USS John C. Stennis (CVN 74) Sailors said goodbye to their family members and friends Jan. 16, as the ship departed Naval Base Kitsap Bremerton
for San Diego to onload Carrier Air Wing (CVW) 9. The carrier, with its embarked air wing, USS Antietam (CG 54), and USS Preble (DDG 88), will deploy from San Diego Saturday, Jan. 20.
USS O'Kane (DDG 77) and USS Paul Hamilton
(DDG 60) will deploy from their homeport of Pearl Harbor
Stennis is the flagship for Commander, Carrier Strike Group (CCSG) 3, headed by Rear Adm. Kevin M. Quinn
“I’m ready for deployment," said Machinist’s Mate Fireman Josh Layton
. “They gave us a heads-up to get our stuff in order and they gave us plenty of time for leave to see our families.”
Stennis’ embarked air wing consists of the F/A-18C Hornet, F/A-18E/F Super Hornet
, EA-6B Prowler, E-2C Hawkeye 2000, C-2A Greyhound and SH-60F/HH-60H Seahawk. The aircraft can be used to conduct strikes, support land battles, protect the CSG or other friendly ships, and implement a sea or air blockade.
The John C. Stennis Strike
Group will operate in the Persian Gulf region with the Eisenhower Carrier Strike Group
, already in the Central Command Area of Operations. The presence of two aircraft carriers, while not unprecedented, demonstrates U.S. resolve to bring security and stability to the region.
These strike groups will support Operation Enduring Freedom, Operation Iraqi Freedom and Combined Joint Task Force Horn of Africa, and will conduct Maritime Security operations. They will also work closely with allies to build regional security and long-term stability.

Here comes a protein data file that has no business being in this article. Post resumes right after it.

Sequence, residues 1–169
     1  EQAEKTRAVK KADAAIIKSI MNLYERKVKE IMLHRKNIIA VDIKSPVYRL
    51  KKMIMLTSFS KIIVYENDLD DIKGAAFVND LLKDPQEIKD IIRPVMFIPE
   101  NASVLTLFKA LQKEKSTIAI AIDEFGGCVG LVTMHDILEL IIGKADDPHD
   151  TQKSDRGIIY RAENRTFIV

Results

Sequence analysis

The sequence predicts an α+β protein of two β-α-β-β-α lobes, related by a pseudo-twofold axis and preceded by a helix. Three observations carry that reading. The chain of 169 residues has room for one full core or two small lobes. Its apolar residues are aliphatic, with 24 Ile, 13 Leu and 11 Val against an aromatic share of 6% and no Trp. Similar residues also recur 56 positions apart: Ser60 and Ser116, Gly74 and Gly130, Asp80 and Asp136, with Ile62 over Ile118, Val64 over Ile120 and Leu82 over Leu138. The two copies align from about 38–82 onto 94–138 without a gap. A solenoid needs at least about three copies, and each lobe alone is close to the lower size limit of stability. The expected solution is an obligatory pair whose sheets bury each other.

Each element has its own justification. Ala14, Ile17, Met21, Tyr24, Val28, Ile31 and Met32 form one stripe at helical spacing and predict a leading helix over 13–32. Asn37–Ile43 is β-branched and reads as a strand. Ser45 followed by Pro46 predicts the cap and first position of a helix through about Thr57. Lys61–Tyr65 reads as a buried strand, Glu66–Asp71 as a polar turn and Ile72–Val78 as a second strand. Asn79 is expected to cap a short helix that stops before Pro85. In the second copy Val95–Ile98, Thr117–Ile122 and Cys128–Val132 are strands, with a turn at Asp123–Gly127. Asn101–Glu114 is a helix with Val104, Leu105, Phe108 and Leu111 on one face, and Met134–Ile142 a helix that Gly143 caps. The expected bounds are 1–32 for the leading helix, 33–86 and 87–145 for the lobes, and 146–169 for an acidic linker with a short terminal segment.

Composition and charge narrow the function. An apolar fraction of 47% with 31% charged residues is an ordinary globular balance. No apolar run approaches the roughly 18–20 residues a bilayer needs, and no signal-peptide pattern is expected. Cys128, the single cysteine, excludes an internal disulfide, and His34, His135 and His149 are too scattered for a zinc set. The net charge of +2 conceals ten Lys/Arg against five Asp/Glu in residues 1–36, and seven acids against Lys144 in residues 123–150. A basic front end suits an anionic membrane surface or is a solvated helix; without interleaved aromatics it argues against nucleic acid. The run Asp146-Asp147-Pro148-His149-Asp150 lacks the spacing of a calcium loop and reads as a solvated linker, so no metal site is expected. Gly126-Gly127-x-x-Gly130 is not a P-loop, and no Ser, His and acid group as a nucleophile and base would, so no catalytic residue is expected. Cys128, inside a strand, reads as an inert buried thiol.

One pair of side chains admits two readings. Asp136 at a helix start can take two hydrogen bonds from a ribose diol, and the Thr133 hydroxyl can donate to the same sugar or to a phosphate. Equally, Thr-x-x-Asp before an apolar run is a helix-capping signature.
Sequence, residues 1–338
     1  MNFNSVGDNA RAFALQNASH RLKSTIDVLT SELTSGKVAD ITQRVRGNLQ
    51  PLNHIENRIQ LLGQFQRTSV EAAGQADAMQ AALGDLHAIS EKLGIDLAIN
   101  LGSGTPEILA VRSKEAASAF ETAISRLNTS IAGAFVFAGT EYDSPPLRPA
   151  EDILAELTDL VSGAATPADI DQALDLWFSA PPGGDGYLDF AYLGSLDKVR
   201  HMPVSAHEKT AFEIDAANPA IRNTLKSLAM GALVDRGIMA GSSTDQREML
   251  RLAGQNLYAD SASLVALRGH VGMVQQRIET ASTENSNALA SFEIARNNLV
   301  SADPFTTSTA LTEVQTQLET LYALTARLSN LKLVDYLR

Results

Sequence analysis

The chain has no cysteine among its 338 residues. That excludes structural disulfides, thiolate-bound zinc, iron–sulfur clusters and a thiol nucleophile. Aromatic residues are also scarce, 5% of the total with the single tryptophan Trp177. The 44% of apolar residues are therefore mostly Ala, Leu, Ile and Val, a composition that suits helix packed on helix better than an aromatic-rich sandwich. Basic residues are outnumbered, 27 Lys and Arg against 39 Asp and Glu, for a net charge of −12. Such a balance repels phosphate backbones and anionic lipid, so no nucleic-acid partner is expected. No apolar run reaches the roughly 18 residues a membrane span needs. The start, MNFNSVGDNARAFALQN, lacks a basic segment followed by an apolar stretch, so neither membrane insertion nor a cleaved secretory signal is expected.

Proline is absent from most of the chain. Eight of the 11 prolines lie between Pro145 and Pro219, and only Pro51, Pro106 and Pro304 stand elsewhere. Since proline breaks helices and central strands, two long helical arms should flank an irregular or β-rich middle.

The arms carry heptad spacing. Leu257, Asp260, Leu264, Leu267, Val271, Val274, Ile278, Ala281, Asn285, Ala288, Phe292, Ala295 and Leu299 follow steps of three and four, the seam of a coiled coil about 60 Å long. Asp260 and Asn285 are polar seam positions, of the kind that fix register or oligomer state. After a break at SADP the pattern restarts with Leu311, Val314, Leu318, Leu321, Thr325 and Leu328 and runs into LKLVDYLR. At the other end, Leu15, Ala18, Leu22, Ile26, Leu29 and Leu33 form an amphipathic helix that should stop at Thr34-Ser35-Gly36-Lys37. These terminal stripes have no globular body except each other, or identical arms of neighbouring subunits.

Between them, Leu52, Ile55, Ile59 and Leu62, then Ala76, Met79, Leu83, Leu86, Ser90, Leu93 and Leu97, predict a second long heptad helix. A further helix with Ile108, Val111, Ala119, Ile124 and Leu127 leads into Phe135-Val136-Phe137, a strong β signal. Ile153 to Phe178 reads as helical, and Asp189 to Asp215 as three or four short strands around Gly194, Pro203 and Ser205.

Stennis has a flight deck of about 4.5 acres and towers nearly seven stories above the sea. The ship is capable of carrying a crew of about 5,600 sailors, more than 3.5 million gallons of fuel, 70 aircraft, and enough weapons and stores for extended operations without replenishment.
The ship's two nuclear reactors give it virtually unlimited range and endurance, and a top speed in excess of 30 knots. The ship’s four catapults and four arresting gear engines enable it to launch and recover aircraft rapidly and simultaneously.
Some Stennis Sailors are looking forward to some of the challenges ahead as well as time to receive shipboard qualifications.
“The thing I’m looking forward to the most is just learning my rate,” said Quartermaster Seaman Recruit Catherine J. Schools. “My dad who is a retired chief says the first time you get to see a sunset at sea, you will know why you joined the Navy.”
By Mass Communication Specialist 2nd Class (AW/NAC) Eric J. Rowley Fleet Public Affairs Center Detachment Northwest